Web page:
MAS also participates in WRAP (Worldwide Responsible Accredited Production), The Ethical Trading Initiative, and The Sustainable Apparel Coalition (of which they are a founding member).

 

Although all these things sound great, I feel like I should mention that it isn't clearly stated that workers are paid a living wage, only that production is ethical. It also wasn't mentioned that they use natural dyes for their fabrics.

 

Have I tried their merch | No

Ethical production | Yes

Natural fibers | Yes (90% cotton, 10% elastic)

Natural Dyes | Some

Biodegradable | No

Made in Kandy, Sri Lanka

 

pact

Women's, men's and kid's lines of underwear, apparel and accessories. Fair trade factory certified and uses 100% organic cotton. Pact believes in conscious consuming and are focused on the people making the clothing, the impact on the environment and material choices. They claim to not use any pesticides or harmful chemicals throughout production and only use natural dyes. Although, it isn't stated what those dyes are.

 

Most of their pieces are made with 95% organic cotton and 5% elastic. And under each product on their website, it lists the percentage of water that was saved during the growing of the organic cotton. Cotton is naturally a very thirsty plant and requires a lot of water, but Pact claims to use no harmful inorganic pesticides and fertilizers which helps reduce water pollution. Their cotton is GOTS certified which means no synthetic fertilizers or chemicals are involved and they do not use genetically engineered seeds.

 

Pact also uses fair trade labor. Although it is uncertain if every product on their website is fair-trade considering the label starts with "Products with this label are made in a Fair Trade approved facility..." so watch out for that if you're browsing their website. Fair trade facilities ensure workers are working in safe conditions and with regulated work hours and maternity leave, and have zero tolerance to sexual discrimination or child labor.

 

I couldn't find where the factories are located or where manufacturing/production takes place.

 

Have I tried their merch | No

Ethical production | Yes

Natural fibers | Yes (95% cotton, 5% elastic)

Natural Dyes | Some

Biodegradable | No 

 

boodywear

Women's and men's lines of underwear and apparel.

 

"Good for you and our planet". Boodywear uses bamboo viscose as their natural fiber for production which is one of the softest natural fibers available and is also marketed as breathable and good for those with sensitive skin.

 

The four pillars of Boody are: Sustainability, Ethics, Quality and Giving back. They are also Ecocert certified which is an inspection and certification group and is the leader in global organic certifications. Also FSC certified which ensures responsible forestry for bamboo production which means that they are not contributing to habitat loss or forest destruction.

 

They also use no pesticides, no fertilizers and low water consumption. Workers are paid fair wages, the yarn is treated with natural dyes and the production uses computer knitting systems so no fabric is wasted. They also have a cause that is fighting to end malaria in Africa. The location of production is unknown.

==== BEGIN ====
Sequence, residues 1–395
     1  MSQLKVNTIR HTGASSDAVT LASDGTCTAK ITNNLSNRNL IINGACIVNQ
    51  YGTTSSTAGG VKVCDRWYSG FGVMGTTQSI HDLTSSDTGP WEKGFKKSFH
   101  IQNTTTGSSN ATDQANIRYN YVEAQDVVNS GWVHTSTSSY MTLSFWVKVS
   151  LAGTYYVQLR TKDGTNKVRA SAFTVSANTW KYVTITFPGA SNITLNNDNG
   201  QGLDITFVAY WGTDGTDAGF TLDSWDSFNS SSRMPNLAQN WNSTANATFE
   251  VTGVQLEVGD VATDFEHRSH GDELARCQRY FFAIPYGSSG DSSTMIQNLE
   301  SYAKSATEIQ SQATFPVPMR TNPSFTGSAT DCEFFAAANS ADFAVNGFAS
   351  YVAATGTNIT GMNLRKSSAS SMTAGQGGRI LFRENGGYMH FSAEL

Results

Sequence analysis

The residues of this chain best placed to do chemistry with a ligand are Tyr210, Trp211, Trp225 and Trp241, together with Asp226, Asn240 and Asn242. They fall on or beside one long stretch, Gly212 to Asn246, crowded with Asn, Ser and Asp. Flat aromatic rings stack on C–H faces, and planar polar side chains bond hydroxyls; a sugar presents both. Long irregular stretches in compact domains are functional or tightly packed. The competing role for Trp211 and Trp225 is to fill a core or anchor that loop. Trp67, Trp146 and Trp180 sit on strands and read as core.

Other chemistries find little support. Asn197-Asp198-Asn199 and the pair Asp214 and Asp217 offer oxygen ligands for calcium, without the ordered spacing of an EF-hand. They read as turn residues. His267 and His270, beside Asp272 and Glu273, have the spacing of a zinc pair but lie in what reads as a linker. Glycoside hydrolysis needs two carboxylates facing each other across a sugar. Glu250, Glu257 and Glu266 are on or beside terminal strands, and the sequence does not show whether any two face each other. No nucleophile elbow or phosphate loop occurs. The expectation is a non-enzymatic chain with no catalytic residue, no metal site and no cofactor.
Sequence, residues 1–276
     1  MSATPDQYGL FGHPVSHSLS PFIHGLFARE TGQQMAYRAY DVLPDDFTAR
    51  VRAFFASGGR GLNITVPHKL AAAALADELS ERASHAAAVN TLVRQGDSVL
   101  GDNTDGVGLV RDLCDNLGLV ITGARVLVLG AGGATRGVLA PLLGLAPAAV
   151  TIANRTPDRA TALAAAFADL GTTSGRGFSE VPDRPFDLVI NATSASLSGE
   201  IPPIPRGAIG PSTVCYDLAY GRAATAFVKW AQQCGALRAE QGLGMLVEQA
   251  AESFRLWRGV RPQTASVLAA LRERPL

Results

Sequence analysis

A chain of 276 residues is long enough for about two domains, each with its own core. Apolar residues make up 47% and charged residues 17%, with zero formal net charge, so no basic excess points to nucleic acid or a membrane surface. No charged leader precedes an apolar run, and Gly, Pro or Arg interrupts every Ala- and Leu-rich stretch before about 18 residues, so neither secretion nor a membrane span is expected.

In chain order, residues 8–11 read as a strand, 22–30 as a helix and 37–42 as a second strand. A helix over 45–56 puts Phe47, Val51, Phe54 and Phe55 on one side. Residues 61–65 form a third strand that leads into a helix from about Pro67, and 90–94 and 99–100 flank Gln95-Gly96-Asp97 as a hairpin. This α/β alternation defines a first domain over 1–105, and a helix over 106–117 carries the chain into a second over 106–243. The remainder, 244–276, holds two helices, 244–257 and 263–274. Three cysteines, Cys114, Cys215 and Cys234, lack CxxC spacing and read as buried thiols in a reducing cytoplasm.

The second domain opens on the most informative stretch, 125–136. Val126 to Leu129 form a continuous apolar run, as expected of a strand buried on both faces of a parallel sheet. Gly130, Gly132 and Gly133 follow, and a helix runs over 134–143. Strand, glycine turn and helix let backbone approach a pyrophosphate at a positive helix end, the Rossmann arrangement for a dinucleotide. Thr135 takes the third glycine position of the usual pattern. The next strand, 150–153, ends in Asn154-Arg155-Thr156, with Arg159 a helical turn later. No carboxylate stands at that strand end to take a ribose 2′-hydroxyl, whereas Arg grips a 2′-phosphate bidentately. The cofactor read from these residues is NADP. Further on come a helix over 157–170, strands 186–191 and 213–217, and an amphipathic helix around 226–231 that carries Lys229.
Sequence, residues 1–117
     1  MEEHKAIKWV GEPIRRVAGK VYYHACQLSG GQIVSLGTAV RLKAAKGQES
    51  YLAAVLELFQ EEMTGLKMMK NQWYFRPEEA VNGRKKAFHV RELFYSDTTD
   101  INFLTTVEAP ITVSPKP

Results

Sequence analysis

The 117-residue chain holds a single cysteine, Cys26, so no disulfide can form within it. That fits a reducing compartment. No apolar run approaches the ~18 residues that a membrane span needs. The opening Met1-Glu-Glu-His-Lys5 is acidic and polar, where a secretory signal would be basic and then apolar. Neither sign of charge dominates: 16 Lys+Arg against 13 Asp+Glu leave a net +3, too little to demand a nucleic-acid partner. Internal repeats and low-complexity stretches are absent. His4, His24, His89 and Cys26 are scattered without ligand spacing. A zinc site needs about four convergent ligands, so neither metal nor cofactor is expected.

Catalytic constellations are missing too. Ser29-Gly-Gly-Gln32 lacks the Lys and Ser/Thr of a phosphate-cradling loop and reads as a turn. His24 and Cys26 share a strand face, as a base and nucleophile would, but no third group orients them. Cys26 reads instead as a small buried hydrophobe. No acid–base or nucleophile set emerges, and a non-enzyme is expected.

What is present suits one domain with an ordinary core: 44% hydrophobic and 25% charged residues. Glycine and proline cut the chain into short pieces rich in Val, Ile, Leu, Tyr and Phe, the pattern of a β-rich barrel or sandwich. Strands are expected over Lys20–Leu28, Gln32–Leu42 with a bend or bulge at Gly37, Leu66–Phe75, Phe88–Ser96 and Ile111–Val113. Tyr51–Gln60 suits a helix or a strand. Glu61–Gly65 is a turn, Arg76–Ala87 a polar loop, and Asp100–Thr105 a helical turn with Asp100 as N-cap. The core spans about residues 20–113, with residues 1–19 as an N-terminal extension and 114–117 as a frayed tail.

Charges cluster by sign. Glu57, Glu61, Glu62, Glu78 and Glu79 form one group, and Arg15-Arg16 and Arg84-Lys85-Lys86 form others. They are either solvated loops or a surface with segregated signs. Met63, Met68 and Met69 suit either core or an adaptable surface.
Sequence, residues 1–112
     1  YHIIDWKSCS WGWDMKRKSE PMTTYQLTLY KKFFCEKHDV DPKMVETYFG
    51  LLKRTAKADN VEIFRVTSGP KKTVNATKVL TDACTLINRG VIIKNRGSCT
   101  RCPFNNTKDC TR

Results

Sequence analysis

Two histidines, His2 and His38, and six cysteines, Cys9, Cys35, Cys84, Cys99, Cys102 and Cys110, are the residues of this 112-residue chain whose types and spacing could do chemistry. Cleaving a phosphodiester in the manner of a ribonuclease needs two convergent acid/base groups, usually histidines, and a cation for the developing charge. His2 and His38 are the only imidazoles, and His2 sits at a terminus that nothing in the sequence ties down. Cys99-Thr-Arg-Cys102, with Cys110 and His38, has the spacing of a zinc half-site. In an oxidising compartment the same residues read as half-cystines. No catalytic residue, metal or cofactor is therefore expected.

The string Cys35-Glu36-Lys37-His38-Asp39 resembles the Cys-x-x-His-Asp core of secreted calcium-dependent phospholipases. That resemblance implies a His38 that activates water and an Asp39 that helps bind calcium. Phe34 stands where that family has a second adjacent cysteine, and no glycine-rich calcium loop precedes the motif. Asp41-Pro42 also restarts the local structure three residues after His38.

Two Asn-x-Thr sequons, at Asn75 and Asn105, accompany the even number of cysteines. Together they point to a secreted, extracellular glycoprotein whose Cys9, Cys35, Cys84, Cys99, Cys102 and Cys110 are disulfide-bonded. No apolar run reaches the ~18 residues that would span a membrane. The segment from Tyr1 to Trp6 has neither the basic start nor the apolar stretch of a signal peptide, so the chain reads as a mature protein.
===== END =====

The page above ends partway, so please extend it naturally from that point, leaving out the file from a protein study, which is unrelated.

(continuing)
Have I tried their merch | No

Ethical production | Yes

Natural fibers | Yes (80% rayon made from bamboo, 13% nylon, 7% spandex)

Natural Dyes | Some

Biodegradable | No

 

brooke There

Organic lingerie mostly made of certified organic cotton jersey and some silk for trimming. Their primary fabric is organic cotton jersey made from GOTS-certified yarn, and is milled in South Carolina or California. Silk is used for trims of some garments, but is specifically stated on each product on their website if it contains silk and is not sewn onto every product they have. 

 

About their dyes, and I quote, "most of our fabrics are dyed in Pennsylvania or California, with a small selection being dyed by Brook in Maine. We use fiber reactive dyes when possible. Certain colors can’t be created through fiber-reactives, such as black and white. We strive to create a healthy compromise between colors that customers love, color-fastness, and sustainability."

 

All production takes place in the US as Brooke There is trying to avoid sweat shops and child labor that usually happens when manufacturing extends beyond the US border. Fabric is produced in South Carolina, is dyed in Pennsylvania and is cut and sewn in Massachusetts. The company also uses recycled content for packaging.

 

Have I tried their merch | No

Ethical production | Yes

Natural fibers | Yes (94% cotton, 6% elastic)

Natural Dyes | Some

Biodegradable | No

Made in USA

 

only hearts

A little different and more playful than other sustainable brands, but I especially like their bralette line, as they use a greater variety of fabrics and colors. Only Hearts manufactures in New York City using local, deadstock and certified made in green textiles. Work is ethical and fair trade.

 

They also have an organics line that is GOTS (Global Organic Textile Standard), IMO (Institute for Marketecology), and the ETAD (Ecological and Toxical Association of Dyes and Organic Pigments Manufacturers) certified. 

 

Have I tried their merch | No

Ethical production | Yes

Natural fibers | Yes

Natural Dyes | Some

Biodegradable | No

Made in New York

 

sokoloff Lingerie

The house of indie lingerie designs, made in Canada. The brand promotes positive body image and unstructured intimates with 100% of its manufacturing taking place in Canada and also participates in ethical production.

 

Sokoloff has a Green Basics line made of organic cotton and recycled elastane fibers which is manufactured in Montreal.

 

Have I tried their merch | No

Ethical production | Yes

Natural fibers | Some

Natural Dyes | Some

Biodegradable | No

Made in Canada